I learned many moons ago that treats are essential to a dog training experience.
Treats are dog currency. Dogs eat them, place them in safety deposit boxes throughout the house or the yard in case of emergency, and I’m pretty sure dogs would put up their toys as collateral to apply for a dog treat loan.
You can get a dog to do anything as long as you use food as the motivator. Which is why you need VERY GOOD treats around the house that your dog will love to scarf down. As I’m typing this I keep looking at the photo to the left of me. Look how mesmerized he is. He doesn’t care about the camera or about anything else on the floor, he’s staring right at that Milkbone dog biscuit. That is power right there.
The things dogs do for food – everything from hunting to burial – comes from generations ago when their wolf ancestors scoured the lands in packs, protecting each other and protecting their food. The alpha is always the one who feeds the dogs and has the control in the house. As your dog’s person, your job is to be the pack leader. You can do this without aggression and without making your dog fearful. The key here is positive reinforcement.
Here’s the deal: Dogs have no clue what you are saying. They just know that if you say something loudly, that you got their attention. So when you are training your dog, focus mostly on rewarding good behavior and correcting bad behavior.
If you are nice to your dog and reward him with good things, and show him
that yummy, tasty treats and affection will be found for doing the good things, your dog will not only be obedient, but he will be loyal and loving.
Sebastian knows that when I call him over, he’s going to get either petting, tummy rubs, snuggle-times or food. He knows that he doesn’t need to cower when I approach him. And he and I have figured out how to communicate with one another. He definitely knows where his biscuits are buttered, and here’s a scary-then-heartwarming tale to prove it:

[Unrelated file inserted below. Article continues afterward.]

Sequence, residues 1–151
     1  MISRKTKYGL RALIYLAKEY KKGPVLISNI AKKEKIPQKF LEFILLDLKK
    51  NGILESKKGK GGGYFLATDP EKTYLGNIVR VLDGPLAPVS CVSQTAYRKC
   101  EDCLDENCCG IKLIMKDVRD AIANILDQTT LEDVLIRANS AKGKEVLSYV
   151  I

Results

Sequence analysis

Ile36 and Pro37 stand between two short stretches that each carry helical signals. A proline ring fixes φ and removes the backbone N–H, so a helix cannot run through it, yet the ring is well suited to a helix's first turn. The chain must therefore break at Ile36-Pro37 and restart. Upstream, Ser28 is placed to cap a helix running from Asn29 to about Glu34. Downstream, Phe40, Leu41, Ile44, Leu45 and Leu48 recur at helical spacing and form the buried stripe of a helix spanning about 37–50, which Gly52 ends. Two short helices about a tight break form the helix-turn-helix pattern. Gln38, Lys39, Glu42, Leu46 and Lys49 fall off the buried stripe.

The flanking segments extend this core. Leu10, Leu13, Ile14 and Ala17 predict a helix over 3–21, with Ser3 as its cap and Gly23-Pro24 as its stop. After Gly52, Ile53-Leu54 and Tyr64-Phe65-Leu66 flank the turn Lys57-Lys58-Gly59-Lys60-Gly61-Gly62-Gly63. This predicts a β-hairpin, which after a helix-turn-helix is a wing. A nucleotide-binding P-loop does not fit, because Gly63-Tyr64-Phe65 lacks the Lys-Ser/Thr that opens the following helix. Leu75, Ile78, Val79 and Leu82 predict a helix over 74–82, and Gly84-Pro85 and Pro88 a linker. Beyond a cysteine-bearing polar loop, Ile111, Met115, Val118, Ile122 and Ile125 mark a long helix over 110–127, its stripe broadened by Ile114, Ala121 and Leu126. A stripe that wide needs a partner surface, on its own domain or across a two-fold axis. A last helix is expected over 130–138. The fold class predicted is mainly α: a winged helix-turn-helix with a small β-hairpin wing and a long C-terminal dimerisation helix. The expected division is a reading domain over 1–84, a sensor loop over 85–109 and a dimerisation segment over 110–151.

A few weeks ago, my dog ran out into the night, managing to cross one of the busiest streets in town and then walk several blocks, into some areas that were really hard to navigate. It was freezing. I went after him. My mom went after him. He thought we were playing a really cute chasing game, which, for me, was not fun in the least.
After a while of playing this “game” with Sebastian, I, with no leash in hand, simply turned around and walked back to my house. Soon enough, Sebastian realized I wasn’t playing the game anymore. He immediately said, “Hey, wait up!” and started walking beside me. For six blocks we walked together, leashless, until we returned to my house and I had my next door neighbors help in getting him back.
That’s the kind of loyalty you want to instill in your dog. And that’s why you give your dog yummy things to eat: Because he will come back. On other occasions when he’s run out, me and everyone in the house have just decided to throw a little party while leaving the front door open and the glass door closed. We play with his toys, share his treats, and totally ignore him. Within minutes, Sebastian will show up right by the door, looking at us with his puppy-dog eyes and wondering why he wasn’t invited.
In my latest album on my page on Google Plus, I’ve got lots of fun and interactive ways you can use treats to help your dog’s manners and even work his brain. Please head here to give it a look.
Much luck as you work with your dog and make him not the family pet, but a family member. Woof!
This post was compensated as part of a shopper insights study by Collective Bias. All opinions are my own.